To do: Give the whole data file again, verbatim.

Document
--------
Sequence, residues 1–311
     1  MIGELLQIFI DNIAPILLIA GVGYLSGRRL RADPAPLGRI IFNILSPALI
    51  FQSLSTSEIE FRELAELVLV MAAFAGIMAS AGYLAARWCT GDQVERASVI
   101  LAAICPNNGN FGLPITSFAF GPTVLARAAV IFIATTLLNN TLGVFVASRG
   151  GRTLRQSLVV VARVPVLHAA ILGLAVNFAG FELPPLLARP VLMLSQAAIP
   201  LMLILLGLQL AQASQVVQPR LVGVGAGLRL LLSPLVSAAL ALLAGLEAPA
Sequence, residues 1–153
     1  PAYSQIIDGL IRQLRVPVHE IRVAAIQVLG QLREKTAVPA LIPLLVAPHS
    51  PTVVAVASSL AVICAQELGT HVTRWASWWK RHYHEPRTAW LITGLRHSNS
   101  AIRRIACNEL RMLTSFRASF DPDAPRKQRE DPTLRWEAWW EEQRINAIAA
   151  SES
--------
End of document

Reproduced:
Sequence, residues 1–311
     1  MIGELLQIFI DNIAPILLIA GVGYLSGRRL RADPAPLGRI IFNILSPALI
    51  FQSLSTSEIE FRELAELVLV MAAFAGIMAS AGYLAARWCT GDQVERASVI
   101  LAAICPNNGN FGLPITSFAF GPTVLARAAV IFIATTLLNN TLGVFVASRG
   151  GRTLRQSLVV VARVPVLHAA ILGLAVNFAG FELPPLLARP VLMLSQAAIP
   201  LMLILLGLQL AQASQVVQPR LVGVGAGLRL LLSPLVSAAL ALLAGLEAPA
Sequence, residues 1–153
     1  PAYSQIIDGL IRQLRVPVHE IRVAAIQVLG QLREKTAVPA LIPLLVAPHS
    51  PTVVAVASSL AVICAQELGT HVTRWASWWK RHYHEPRTAW LITGLRHSNS
   101  AIRRIACNEL RMLTSFRASF DPDAPRKQRE DPTLRWEAWW EEQRINAIAA
   151  SES